Home Canned Vegetable Soup

by GettingFreedom on September 25, 2012

Oh fall, how I love these cool nights, changing colors, all things pumpkin, and soup.

Yes, soup.

My husband could live off of it, and honestly, so could I.  It warms the soul after a tiring day and keeps a body warm on chilly nights.

Something a lot of people don’t realize about us is that I rarely buy the canned soups at the store.  I have many reasons for this, the main one being that we are a family of 6.  Those tiny little things are nothing more than an appetizer for us.  And for that price?  Yeah, not what I had in mind.

But, I did find that I missed the convenience of having a meal ready for me to warm up, without having to thaw it first.  Homemade convenience foods are my best friend, so I set my mind to create a homemade canned soup.  

I have to say I was successful!

I opted to not can my vegetable soup with the meat in it.  The main reason here being that I wanted to be able to either eat it as is for Homemade Vegetable Soup,  add hamburger to it and make our favorite Vegetable Beef Soup, or to add chicken and noodles for Homemade Chicken Noodle Soup.  The versatility has proven to be a big help!

Basically, I’m able to get 3 soups out of 1 with little extra work.

Home Canned Vegetable Soup

Rating: 51

Prep Time: 30 minutes

Cook Time: 1 hour, 25 minutes

Total Time: 1 hour, 55 minutes

Yield: 7 quarts

Home Canned Vegetable Soup


  • 6 cups potatoes; peeled and cubed
  • 6 cups carrots; sliced
  • 4 cups corn
  • 2 cups celery; sliced
  • 2 cups onions; chopped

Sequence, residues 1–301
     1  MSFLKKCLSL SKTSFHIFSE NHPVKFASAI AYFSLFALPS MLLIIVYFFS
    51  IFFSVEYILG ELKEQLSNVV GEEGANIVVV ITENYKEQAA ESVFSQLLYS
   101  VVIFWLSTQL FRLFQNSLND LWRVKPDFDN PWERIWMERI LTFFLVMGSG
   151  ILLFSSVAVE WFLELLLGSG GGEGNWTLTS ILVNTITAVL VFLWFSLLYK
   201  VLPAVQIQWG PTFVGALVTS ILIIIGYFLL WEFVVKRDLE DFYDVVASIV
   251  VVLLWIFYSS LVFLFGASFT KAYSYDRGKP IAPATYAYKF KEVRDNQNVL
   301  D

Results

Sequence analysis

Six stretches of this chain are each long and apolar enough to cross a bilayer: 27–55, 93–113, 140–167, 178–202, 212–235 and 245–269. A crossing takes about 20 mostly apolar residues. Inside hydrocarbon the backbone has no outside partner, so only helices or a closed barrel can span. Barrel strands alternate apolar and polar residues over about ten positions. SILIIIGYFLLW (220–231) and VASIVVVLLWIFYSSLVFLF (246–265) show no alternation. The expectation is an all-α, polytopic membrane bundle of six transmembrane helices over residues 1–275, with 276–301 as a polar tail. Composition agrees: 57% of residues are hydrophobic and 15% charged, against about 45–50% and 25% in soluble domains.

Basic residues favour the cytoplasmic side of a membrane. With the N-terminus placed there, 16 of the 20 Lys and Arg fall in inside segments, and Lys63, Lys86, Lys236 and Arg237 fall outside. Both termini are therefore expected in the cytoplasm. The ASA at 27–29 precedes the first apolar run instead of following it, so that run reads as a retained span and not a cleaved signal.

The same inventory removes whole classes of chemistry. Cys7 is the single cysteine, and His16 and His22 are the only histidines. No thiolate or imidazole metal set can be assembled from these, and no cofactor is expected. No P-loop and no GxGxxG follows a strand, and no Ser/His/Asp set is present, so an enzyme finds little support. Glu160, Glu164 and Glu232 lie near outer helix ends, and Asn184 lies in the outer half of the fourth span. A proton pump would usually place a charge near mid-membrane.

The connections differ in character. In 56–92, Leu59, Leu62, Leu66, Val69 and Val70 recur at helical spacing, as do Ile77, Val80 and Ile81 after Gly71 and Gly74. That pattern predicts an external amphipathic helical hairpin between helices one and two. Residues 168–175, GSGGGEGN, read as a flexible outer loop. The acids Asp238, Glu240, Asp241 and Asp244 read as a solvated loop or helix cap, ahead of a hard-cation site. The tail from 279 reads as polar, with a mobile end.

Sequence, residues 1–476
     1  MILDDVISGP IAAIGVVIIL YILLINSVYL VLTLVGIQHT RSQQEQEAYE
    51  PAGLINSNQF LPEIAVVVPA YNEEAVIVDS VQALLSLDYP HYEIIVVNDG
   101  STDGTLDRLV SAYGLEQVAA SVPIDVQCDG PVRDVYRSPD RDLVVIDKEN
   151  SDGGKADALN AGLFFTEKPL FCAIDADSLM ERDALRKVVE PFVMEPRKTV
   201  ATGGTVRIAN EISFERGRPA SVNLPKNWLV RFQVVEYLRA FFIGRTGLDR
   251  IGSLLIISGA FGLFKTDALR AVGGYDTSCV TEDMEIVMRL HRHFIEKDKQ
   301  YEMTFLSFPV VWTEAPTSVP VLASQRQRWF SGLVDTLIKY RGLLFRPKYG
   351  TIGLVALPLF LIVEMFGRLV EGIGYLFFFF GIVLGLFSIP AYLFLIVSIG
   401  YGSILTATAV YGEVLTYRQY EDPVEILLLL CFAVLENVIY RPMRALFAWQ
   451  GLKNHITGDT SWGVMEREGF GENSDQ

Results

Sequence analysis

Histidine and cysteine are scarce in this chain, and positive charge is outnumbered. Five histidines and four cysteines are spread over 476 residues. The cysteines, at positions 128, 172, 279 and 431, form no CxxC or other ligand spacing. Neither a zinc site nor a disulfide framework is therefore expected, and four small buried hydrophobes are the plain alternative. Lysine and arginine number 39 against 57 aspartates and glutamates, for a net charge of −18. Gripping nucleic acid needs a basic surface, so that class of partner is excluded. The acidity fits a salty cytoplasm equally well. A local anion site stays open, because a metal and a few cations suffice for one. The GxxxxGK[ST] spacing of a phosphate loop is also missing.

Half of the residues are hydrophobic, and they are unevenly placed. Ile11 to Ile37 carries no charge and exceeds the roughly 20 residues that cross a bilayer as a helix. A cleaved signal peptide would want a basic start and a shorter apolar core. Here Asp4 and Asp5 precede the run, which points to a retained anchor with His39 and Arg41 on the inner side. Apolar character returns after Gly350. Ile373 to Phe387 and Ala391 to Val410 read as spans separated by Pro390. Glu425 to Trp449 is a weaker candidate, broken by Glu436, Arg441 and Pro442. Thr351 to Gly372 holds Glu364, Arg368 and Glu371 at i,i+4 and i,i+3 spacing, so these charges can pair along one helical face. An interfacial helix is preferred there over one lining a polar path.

• 2 cans diced tomatoes {you could use fresh if you have them}
  • 6 cups water
  • salt and pepper to taste


  1. In a large stockpot combine the potatoes, carrots, corn, celery, onions, diced tomatoes {with juice} and water.
  2. Bring to a boil over medium-high heat.
  3. Boil gently for 15 minutes.
  4. Season to your taste with salt and pepper.
  5. Ladle the hot soup into sterilized canning jars, leaving 1 inch headspace.
  6. Remove any air bubbles.
  7. Wipe the rims and add on the canning lids and rings.
  8. Pressure can at 10 pounds pressure for 85 minutes for quarts and 55 minutes for pints.


If you're new to canning, check out the links at the bottom of this post to help walk you through the steps.


Are you new to canning?

Check out this post that details the differences between pressure canning and water bath canning.

This post shows you how to pressure can from start to finish.

Does home canning really save you money?  This post answers “Is Canning Frugal?”

Related Posts with Thumbnails

{ 1 comment… read it below or add one }

Leave a Comment

Previous post:

Next post: